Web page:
Nearly a third of the 31 million people who live in the zones are considered poor — almost double the national poverty rate. Yet there are plenty of affluent areas inside those poor census tracts. And, as investors would soon realize, some of the zones were not low income at all.

The Preston is financed by the investors in Cresset, a multibillion-dollar asset management firm.CreditBrandon Thibodeaux for The New York Times

The Harvard Club of New York City, in Midtown Manhattan, is the embodiment of America’s old-money elite. Crimson-jacketed waiters serve members who are watched over by oil portraits of elite alumni.

One recent morning, financial advisers representing several dozen of America’s richest dynasties — advisers to the Pritzker and Soros families were listed as attendees — crowded into a drab meeting room on the club’s third floor.

The advisers were there to see Daniel Kowalski, a top aide to Treasury Secretary Steven Mnuchin and the Trump administration’s point person for the opportunity-zone rules. Mr. Kowalski is barnstorming the country, bouncing from one conference to the next, explaining to real estate investors and developers how to take advantage of the new rules.

Mr. Kowalski was an aide to the Trump campaign, where he worked for the White House policy adviser Stephen Miller. Before that, he was an aide to Jeff Sessions when Mr. Sessions was on the Senate Budget Committee.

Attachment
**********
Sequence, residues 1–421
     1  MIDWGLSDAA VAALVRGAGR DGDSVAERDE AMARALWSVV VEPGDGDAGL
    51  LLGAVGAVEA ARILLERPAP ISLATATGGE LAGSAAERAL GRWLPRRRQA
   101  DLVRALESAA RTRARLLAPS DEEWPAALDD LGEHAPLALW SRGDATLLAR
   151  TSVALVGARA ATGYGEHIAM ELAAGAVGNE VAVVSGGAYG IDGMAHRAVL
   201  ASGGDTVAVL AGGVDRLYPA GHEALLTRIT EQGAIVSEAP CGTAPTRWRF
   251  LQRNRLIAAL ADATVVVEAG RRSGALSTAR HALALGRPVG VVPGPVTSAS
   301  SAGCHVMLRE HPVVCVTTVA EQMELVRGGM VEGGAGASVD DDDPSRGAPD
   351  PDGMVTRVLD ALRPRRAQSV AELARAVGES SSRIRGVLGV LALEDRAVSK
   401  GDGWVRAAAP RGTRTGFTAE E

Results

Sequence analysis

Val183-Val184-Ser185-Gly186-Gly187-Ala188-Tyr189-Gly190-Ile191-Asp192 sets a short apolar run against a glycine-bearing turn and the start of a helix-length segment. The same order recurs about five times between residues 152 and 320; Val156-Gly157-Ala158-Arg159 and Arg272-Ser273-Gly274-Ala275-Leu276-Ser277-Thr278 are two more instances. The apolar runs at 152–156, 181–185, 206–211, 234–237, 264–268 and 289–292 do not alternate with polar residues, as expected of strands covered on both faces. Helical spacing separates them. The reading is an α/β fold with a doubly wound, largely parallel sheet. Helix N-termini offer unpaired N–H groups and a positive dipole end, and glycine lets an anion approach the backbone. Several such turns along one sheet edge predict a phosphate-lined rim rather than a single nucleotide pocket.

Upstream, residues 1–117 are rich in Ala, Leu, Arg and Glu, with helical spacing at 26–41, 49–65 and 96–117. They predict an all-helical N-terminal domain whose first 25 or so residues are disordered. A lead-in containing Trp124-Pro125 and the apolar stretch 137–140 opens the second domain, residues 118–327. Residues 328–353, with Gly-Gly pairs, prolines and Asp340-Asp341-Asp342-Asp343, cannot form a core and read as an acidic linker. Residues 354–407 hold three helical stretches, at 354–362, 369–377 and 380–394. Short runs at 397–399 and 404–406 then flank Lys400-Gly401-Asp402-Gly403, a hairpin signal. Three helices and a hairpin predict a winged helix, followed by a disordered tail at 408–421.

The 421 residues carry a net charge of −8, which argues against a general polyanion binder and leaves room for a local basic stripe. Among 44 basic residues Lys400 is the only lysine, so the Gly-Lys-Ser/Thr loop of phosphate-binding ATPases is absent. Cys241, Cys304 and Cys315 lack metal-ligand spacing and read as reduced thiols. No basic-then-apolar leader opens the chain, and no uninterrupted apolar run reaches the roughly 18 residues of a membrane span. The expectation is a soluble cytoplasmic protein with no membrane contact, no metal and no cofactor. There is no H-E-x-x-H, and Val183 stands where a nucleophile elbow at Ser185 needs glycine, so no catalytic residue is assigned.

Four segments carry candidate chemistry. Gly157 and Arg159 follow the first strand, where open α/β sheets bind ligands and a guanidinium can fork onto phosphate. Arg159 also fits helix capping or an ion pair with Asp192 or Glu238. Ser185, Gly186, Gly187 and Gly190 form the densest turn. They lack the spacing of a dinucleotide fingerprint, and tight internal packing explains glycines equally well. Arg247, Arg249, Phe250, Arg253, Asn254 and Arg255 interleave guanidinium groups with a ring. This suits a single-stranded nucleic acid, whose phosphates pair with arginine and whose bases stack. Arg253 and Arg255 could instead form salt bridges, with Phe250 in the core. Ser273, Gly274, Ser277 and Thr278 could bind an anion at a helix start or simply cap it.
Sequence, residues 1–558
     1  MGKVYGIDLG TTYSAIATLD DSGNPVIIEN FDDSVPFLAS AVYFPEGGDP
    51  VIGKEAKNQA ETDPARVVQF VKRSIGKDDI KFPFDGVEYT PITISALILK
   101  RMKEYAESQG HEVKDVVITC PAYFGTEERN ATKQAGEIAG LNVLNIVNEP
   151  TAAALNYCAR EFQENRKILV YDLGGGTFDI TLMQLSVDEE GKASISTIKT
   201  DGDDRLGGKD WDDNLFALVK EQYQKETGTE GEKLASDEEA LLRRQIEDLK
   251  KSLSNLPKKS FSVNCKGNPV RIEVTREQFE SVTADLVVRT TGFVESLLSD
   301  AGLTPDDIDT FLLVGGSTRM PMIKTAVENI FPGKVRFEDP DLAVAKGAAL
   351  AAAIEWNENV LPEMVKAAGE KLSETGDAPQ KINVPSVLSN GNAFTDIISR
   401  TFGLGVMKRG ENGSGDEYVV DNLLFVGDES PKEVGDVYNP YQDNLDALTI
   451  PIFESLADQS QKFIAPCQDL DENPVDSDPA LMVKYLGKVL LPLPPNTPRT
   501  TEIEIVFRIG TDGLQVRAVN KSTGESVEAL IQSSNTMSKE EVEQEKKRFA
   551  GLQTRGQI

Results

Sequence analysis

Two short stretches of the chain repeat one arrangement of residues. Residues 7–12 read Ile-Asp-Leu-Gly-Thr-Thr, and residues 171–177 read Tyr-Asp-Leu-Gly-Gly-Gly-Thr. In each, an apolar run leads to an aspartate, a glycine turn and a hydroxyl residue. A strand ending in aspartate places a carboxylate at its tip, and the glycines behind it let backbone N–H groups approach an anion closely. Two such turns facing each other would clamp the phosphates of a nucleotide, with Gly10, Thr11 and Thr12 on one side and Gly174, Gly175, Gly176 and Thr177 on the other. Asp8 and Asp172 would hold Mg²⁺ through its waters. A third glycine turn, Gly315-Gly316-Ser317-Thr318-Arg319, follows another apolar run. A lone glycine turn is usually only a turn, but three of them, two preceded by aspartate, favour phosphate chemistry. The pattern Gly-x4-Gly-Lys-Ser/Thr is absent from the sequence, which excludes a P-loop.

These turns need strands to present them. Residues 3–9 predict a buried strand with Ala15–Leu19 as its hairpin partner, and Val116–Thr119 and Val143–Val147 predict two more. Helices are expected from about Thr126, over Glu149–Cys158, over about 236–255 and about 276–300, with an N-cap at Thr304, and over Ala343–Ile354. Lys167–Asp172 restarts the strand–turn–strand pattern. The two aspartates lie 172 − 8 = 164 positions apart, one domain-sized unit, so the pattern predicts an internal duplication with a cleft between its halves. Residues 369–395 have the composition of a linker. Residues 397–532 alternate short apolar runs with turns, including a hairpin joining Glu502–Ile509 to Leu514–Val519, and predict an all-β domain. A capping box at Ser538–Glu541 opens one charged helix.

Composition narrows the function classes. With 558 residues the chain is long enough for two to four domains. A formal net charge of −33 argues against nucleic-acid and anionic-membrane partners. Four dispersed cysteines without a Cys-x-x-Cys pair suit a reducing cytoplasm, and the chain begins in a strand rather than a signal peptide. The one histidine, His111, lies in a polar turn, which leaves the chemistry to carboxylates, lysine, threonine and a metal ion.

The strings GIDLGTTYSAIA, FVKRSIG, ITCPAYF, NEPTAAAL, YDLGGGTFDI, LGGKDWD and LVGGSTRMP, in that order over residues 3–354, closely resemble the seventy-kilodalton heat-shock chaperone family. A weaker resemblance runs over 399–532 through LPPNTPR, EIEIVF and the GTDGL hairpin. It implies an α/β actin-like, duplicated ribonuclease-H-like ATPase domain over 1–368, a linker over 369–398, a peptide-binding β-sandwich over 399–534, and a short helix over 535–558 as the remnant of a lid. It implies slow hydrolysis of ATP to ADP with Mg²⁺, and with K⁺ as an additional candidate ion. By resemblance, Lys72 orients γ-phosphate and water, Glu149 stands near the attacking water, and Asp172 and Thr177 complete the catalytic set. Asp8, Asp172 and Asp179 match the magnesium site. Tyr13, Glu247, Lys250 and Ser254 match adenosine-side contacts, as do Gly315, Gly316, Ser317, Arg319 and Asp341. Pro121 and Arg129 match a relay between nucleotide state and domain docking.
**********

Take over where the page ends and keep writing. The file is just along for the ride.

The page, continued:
[The Trump associates benefiting from a tax break for poor communities.]

At the Harvard Club, he dived into an explanation of how opportunity zones work — and for whom they work. “The audience for opportunity zones is inherently fairly small because it’s limited to capital-gains income, which is why I wanted to come and talk to this group,” he told the room of advisers.

That audience is small indeed: Only 7 percent of Americans report taxable capital gains, and nearly two-thirds of that income was reported by people with a total annual income of $1 million or more, according to I.R.S. data.

Yet this is a vital constituency, since the success of the opportunity-zone program will hinge largely on how much money investors kick in. That is why the Trump administration — and Mr. Kowalski in particular — is promoting the tax break on Wall Street.

“I have served a little bit as a middle man between the business community and the I.R.S.,” he said at another conference a few weeks later.